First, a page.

'Brand Brazil' finds itself shackled to a cliché - a beach party with a samba soundtrack. It seems odd that a slither of Brazilian culture has come to dominate the brand narrative, considering the vastness and rich culture of Latin America’s most populous country.
Curiously, the samba nation has been here before. It took decades for Brazil to begin to shake off the cartoonish brand of tropicalia - not to be confused with the musical movement Tropicália - epitomised in the 1940s by Carmen Miranda and her basket-of-fruit hairdo.
Brand Brazil, as we know it, can trace its origins back to the unprecedented 'national' identity creation project of populist dictator Getúlio Vargas during the 1930s. Half a century later, so mutated was the evolution into the Brazilian bombshell's surreal pastiche that it became detrimental to brand Brazil - in short, it became a joke.
Arguably, Brazil has yet to comprehensively move on. Today, almost every Brazilian concept launched outside of Brazil involves the beach, in some shape or form, or the ubiquitous twirl of verdant green tropicalismo. Beach, samba & football dominate. At a stretch, a zest of Amazon rainforest may make the menu.
But how has an immigrant nation, larger than the contiguous United States, with a population of over 200 million souls, home to the largest descendancy of Italians, Japanese and even Lebanese, outside their ancestral lands, not to mention the rich African heritage, come to have such a narrow brand narrative?
Even the upcoming Rio de Janeiro Olympics in 2016 stands as yet another wasted opportunity to advance Brand Brazil beyond its stereotypes.
But there are explanations as to why Brazil finds itself in this predicament. This series aims to delve deeper into branding in the ‘country of the future’ and will explore the history of consumer-facing brands - the good, the bad and the ugly - while also casting its gaze to the future.
Moving away from the traditional, inward-looking, marketing focus of Brazilian businesses, a hangover from the colonial and military junta past, it is important to shine a light on Brazilian branding on the global stage.
To earn a place on an increasingly international stage, Brazil must broaden its image. It must be brave, it must look beyond the beach. Encouragingly, there is much to show the world.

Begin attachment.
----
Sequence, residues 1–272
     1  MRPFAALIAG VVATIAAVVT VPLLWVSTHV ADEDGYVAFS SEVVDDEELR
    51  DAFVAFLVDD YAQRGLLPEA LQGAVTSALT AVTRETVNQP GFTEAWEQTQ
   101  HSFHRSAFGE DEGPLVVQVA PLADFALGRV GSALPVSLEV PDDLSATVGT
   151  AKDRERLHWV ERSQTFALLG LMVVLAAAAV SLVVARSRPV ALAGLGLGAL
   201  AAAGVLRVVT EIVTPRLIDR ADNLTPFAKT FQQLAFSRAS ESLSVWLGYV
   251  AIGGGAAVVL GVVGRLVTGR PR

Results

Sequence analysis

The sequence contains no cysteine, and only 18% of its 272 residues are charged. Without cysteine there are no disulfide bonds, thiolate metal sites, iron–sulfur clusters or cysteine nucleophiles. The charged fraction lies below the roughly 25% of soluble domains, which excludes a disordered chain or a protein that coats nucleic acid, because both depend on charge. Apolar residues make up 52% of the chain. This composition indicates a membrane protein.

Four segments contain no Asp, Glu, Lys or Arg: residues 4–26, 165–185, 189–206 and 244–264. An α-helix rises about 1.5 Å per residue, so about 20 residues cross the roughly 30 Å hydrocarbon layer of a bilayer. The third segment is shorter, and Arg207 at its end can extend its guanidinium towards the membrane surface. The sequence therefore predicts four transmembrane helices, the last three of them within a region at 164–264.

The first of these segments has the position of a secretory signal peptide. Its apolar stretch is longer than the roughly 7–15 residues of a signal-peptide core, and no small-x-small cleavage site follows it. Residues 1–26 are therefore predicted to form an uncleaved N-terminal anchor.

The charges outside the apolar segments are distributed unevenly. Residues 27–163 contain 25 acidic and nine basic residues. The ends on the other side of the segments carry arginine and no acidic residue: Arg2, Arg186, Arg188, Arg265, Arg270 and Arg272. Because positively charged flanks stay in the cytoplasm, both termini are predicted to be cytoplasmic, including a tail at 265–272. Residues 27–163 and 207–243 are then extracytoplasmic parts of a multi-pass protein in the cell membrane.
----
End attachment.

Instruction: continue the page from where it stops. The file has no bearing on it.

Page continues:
These are three international Brazilian brands with vivid shortcomings:
Surf culture, although not inherently negative, has become the proverbial albatross around Brazilian fashion's neck.
Nonetheless, Osklen, known as Brazil's first global luxury brand, managed to ride that wave all the way to the bank while countless surf and bikini brands are still paddling out in the hope of replicating their success.
The company was founded by orthopaedic physician Oskar Metsaveht in 1989 selling simple, but good quality, men's sportswear out of a tiny store in the wealthy neighbourhood of Ipanema in Rio de Janeiro. Since then, womenswear has became the main revenue generator while even an eye-brow raising snowboarding range has been added.
Today, one can find an Osklen store in every major fashion metropolis in the world. On paper, Mr Metsaveht's beach brand is a roaring success story for Brazil.
Yet, Brazil must move on.
The fates of Australian surf brands Billabong, Quiksilver and Rip Curl should serve as cautionary financial tales. The garish stores and increasingly tacky designs of Osklen's eye-wateringly priced garments are an ominous harbinger for the future - an all too familiar scenario for high-end Brazilian brands. Brazilian fashion is in danger of becoming a one-trick pony.
Started in the rapidly industrialising Brazil of the 1950s by corporatist President Getúlio Vargas, the state petroleum entity became the jewel in the crown of the government and a great source of national pride.
Once considered one of the most promising listed oil companies in the world because of its huge offshore reserves, Petrobras is now reeling from allegations that former executives and contractors conspired with politicians to extract kickbacks and bribes from the company.
In April, Petrobras wrote off $17 billion in corruption-related costs and costs associated with inflated contracts. Alarmingly, prosecutors still consider the estimate to be conservative and are in little doubt that the losses are significantly larger than what was announced. So staggering are the levels of corruption and mismanagement that the company is even threatening to bring down Dilma Rousseff's current government.
Following the trending hashtag '#petrolao' on twitter has now become better - read 'more scandalous' - viewing than even the popular local television soap operas.
Set up as a regional air taxi operation in the early 1960s, TAM, or Táxi Aéreo Marília, eventually benefited from the dictatorship’s division of the country into 5 air transport regions during the 1970s, winning the concession for servicing the South East and Central West of the country.
Today, the TAM brand has become dated, offering a bland impression of the airline, risky in a safety-oriented sector and made worse by the competitive marketing of slicker international rivals.
Yet, is there a glimmer of hope? The Brazilian national carrier is in the process of being rebranded as 'LATAM' after its record breaking merger with Chilean rival LAN and may emerge with a more enticing offering.
Don't hold your breath.